Of course, whether there was a waiver of strict compliance is a question of fact, the burden of proof resting upon the party relying upon waiver. Davis v. Folmar, 203 Ala. 336, 83 So. 60 (1919). And it is also well established that the mere acceptance *252 of payments in default under a lease-sale contract does not waive future defaults of the same nature. Rogers v. Newton, 340 So. 2d 768 (Ala.1976). To adopt such a rule "would penalize the goodhearted vendor for allowing a defaulting vendee to make up his previous defaults." Ibid. at 769.

The record discloses that the plaintiffs did miss a number of payments from the inception of the lease on September 3, 1974, to March 24, 1979. However, as of March 24, 1979, the plaintiffs were current on their payments. Notwithstanding their current status, after March 24, 1979, plaintiffs did not offer to make any payments as the contract required, that is, none for the three and one-half years after March 24, 1979. Only at the time of the filing of this suit did plaintiffs tender $5,953.00 to the circuit court as payment under the contract. In fact, it was only after a "For Sale" sign had been posted on lot three that the plaintiffs showed any interest in performing the remaining obligation under their agreement.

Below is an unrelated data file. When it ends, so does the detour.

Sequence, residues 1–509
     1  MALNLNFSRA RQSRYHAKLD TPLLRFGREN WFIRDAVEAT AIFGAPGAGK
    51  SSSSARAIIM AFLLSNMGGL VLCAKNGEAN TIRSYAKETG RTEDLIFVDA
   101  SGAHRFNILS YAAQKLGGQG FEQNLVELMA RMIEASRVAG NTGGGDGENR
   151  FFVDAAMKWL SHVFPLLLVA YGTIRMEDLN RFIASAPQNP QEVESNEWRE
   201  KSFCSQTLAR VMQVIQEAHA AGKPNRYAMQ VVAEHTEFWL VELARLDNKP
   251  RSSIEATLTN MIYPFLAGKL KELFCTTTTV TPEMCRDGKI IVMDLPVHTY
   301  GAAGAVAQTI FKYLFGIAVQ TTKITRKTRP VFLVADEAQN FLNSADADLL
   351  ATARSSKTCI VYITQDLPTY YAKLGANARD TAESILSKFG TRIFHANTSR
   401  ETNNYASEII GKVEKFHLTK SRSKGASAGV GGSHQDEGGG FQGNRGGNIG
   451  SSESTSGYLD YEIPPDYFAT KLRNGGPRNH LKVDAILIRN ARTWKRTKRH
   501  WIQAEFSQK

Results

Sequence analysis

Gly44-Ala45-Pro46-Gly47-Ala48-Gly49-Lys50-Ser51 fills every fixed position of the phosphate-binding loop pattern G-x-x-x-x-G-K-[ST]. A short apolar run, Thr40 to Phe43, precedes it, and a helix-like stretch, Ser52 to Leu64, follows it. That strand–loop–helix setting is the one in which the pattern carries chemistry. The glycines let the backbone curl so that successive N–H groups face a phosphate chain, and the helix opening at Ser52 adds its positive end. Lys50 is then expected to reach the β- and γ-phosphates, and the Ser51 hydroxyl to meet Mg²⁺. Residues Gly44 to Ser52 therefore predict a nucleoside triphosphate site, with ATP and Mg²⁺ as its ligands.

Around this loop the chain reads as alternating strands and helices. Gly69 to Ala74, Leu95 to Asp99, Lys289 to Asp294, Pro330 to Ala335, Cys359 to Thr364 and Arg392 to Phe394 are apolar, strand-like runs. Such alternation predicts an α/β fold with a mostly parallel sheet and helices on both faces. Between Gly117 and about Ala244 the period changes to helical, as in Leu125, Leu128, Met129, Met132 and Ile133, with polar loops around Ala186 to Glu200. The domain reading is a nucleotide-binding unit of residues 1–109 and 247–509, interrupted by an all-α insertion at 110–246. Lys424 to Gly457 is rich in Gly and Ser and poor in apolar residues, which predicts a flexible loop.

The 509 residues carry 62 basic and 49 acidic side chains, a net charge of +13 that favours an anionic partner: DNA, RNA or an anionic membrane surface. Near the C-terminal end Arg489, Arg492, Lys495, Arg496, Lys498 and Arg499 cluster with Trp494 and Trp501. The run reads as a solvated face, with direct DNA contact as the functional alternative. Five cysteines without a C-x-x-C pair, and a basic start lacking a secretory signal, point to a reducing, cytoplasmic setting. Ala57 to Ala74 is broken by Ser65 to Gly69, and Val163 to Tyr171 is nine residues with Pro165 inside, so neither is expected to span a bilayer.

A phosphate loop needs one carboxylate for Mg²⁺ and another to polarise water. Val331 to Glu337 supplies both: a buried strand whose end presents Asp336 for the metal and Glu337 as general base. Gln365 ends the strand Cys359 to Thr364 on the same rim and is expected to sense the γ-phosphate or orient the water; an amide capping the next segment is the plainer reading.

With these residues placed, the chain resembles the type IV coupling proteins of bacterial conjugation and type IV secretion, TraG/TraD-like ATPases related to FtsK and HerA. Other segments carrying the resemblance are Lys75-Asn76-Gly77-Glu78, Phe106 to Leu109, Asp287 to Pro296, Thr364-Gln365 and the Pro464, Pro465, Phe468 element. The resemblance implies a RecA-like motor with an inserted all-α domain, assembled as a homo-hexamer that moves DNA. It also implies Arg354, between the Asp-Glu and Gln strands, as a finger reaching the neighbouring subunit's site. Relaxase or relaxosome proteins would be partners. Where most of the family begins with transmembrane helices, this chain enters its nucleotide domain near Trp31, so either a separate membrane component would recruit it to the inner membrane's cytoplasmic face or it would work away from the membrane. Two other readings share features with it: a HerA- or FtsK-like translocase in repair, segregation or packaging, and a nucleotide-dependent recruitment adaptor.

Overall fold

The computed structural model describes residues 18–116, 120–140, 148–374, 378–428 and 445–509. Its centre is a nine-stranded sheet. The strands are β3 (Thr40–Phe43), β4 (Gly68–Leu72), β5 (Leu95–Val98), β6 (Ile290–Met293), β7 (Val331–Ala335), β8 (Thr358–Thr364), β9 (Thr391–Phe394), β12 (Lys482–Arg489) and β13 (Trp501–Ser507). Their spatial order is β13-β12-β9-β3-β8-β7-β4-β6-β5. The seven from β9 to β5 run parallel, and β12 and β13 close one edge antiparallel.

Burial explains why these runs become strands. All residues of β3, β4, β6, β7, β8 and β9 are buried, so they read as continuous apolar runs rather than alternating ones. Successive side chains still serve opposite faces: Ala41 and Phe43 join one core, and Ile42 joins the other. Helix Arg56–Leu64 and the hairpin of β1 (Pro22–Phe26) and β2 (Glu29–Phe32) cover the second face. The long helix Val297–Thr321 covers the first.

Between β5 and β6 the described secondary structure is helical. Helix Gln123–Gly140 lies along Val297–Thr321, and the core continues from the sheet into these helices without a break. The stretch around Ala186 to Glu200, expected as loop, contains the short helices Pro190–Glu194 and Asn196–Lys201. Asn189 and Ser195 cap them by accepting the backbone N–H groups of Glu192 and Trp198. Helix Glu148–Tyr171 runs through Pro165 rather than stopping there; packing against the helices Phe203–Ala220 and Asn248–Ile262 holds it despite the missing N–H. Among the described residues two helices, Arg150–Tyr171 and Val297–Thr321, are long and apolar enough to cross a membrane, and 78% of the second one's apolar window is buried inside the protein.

In that connection, it appears that after Mr. Hamner noticed the "For Sale" sign on lot four, he contacted a representative of Rock Mountain Lake, Mr. Coleman, to inquire about it, and was referred to Elbert Buckelew, another Rock Mountain Lake representative. According to Hamner, Buckelew contacted Hamner about two weeks later and "the best I remember he said they would settle on $11,000." Hamner replied that he would get back in touch with Buckelew sometime later. But when contact was made about two weeks later, Hamner said, Buckelew told him, "[H]e thought I was too late, that he thought Mr. Coleman had a contract to sell the lot to someone else [the Hemphills]."

This evidence is to be considered, of course, with other evidence showing that the portion of the contract dealing with the necessity for notice was understood by plaintiffs, who failed to act with knowledge of the consequences.

The cases cited by plaintiffs in support of their position are distinguishable from the instant case. In Eurton v. Smith, supra, this Court agreed with the trial court that the vendor-lessor, under the facts of that case, had waived strict performance and had accepted substantial performance in the form of payments of money, so that it would have been inequitable to allow forfeiture. In Hawkins v. Coston, 214 Ala. 135, 107 So. 50 (1926), the vendee-lessee had made 52 of the required 55 payments on his lease-sale, although certain annual sums for taxes and insurance had not been paid by the vendee-lessee. In reversing the trial court's order dismissing the complaint for specific performance, this Court observed, at 214 Ala. 139, 107 So. at 53: